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Florida group pushes for oil drilling in Gulf

As gas prices continue to rise again this summer, efforts to lift Florida’s 20-year ban on offshore oil drilling are advancing in Tallahassee, in the U.S. Senate in Washington and at the grassroots level all around Florida.

A group of activists organized under the name FloridaOil.org have launched a petition drive to place the issue of offshore oil drilling before voters in 2010. The group plans to ask Florida voters to lift the state ban and clear the way for a new offshore drilling industry in Florida. “The people have spoken loud and clear; they support this,” said Don Baldauf of Bradenton, head of the growing FloridaOil.org group, which has members and volunteers in at least 10 Florida counties.

Congress is currently debating opening the Gulf of Mexico to expanded drilling. A U.S. Senate committee voted 13-10 in early June to permit the oil industry to set up rigs 45 miles off Florida’s Gulf coast and as close as 10 miles to the Panhandle shoreline.

On June 8 the Senate Energy and Natural Resources Committee adopted an amendment (that would lift a ban on drilling within 125 miles from Pensacola shores and 300 miles of Naples) to a bill that must pass this session.

The amendment proposes an average 45-mile buffer zone that shrinks as it nears the Panhandle and the “Destin Dome,” which is said to contain 2 trillion cubic feet of natural gas, or enough to heat 2 million homes for 15 years.

However, U.S. Sen. Bill Nelson has vowed to use everything in his power to block the bill when it reaches the Senate floor, if it contains the oil drilling amendment. Nelson vowed to tie his chamber in knots to stop the federal energy bill. “The oil boys have overdone it,” Nelson said. “I will use every parliamentary tool available to me to grind the Senate to a halt if I have to.”

Nelson even took his anti-drilling campaign public, appearing in Tampa, Tallahassee Panama City and Pensacola with charts and photos arguing against the plan. “I don’t think Florida should have to trash its coastline and its $65 billion economy just so big oil can increase its profit margin,” Nelson said in an e-mailed statement. Nelson also argues that drilling will impact national security – claiming that much of the eastern Gulf of Mexico is the last remaining training range for military pilots.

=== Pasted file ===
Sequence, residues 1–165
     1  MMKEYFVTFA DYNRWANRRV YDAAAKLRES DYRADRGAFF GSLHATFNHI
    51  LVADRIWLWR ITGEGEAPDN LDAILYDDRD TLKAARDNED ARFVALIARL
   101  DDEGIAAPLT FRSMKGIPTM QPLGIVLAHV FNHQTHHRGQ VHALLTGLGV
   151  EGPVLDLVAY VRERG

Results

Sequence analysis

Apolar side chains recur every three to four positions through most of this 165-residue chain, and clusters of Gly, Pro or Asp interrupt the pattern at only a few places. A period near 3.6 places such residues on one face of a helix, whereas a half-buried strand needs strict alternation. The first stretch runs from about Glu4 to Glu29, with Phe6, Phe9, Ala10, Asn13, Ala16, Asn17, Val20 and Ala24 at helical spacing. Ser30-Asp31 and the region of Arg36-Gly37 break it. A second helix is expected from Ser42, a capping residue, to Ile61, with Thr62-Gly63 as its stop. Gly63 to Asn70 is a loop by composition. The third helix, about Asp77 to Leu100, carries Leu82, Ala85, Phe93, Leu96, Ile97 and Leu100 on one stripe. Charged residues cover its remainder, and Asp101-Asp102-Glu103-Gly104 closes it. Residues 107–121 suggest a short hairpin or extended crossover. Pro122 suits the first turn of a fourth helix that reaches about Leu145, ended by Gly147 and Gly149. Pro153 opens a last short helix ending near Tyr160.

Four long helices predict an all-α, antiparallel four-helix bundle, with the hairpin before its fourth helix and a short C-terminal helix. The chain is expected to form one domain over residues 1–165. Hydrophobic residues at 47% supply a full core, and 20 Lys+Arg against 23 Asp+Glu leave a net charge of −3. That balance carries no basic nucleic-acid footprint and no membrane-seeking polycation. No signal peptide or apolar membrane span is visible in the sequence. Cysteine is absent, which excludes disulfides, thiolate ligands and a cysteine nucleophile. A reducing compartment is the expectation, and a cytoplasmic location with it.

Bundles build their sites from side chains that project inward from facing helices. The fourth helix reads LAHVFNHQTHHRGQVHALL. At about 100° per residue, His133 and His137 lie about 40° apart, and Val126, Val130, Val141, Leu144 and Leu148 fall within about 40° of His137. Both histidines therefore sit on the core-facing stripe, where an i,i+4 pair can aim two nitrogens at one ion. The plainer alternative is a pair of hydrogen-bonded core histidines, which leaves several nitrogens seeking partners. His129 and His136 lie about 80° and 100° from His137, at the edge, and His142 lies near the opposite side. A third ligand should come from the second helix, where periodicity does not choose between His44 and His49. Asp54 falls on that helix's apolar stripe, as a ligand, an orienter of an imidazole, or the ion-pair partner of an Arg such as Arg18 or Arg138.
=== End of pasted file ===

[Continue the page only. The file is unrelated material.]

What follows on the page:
While elected officials in Washington and Tallahassee debate opening the Gulf of Mexico to expanded drilling, FloridaOil.org continues its push to have Florida voters decide the issue through a constitutional amendment that would allow drilling within 10 to 125 miles of the Florida coastline.

On June 8 FloridaOil.org Chairman Don Baldauf announced the first step in introducing the constitutional amendment for the 2010 ballot with the release of information regarding legal precedents allowing a state sovereignty over its coastal waters.

“In passing the Submerged Lands Act, Congress sought to return the title to submerged lands to the states and promote the exploration and development of petroleum deposits in coastal waters,” said Baldauf.

The group, which includes Pace Allen, the former chairman of the Tallahassee Area Convention and Visitors Bureau, believes the 1953 U.S. Submerged Lands Act is the key to accomplishing its goal to allow drilling off Florida’s coast.

The law set the boundaries for federal water, but it also appears to say that any state that chooses to change them with a constitutional provision or a new law “is hereby approved and confirmed...that its boundaries extend beyond that line.”

Allen, one of the group’s founding members, says the plan could generate at least $1.5 billion in new state revenue every year. To make the 2010 ballot, the group has to collect nearly 700,000 signatures by Feb. 1, 2010. The group has formed a “527” (nonprofit organization that can accept unlimited contributions) “Floridians want to access this oil out in the Gulf,” said Allen of Florida Oil.org “This would help with our energy crisis, get America back toward energy independence, and it’s a national security issue.”

Bill VanDercreek, a professor emeritus from the Florida State University College of Law and a maritime attorney who represented legendary treasure hunter Mel Fisher, said the sponsors may have a point, but cautioned that he has not done enough research to draw a solid conclusion. “It appears to open the door,” VanDercreek said. “Whether that would mean anything without federal approval, I don’t know.”

Environmentalists warn bringing offshore drilling to Florida could harm beaches and the state’s economy and are organizing to fight the proposals on both fronts – in Florida and in Washington.

Barney Bishop, president of Associated Industries of Florida, said drilling will not pose a threat to Florida-based military operations and blasted Nelson for being in league with what his polls show to be the, “7 percent of radical, left-wing environmentalists who are opposed to all offshore drilling.” “There is no national security issue in Florida waters,” Bishop said. “The jets don’t bomb and strafe within 10 miles, so that’s a red herring.”

Further from shore, in U.S. waters, drilling will also not hamper military operations, Bishop said, because derricks and rigs are only required for the first few weeks. Once a well is producing, all operations are submerged, he said. AIF was a chief supporter of a last-minute push this spring in the Florida Legislature to lift the state’s drilling ban and allow the governor and Cabinet to approve leases as close as three miles from shore.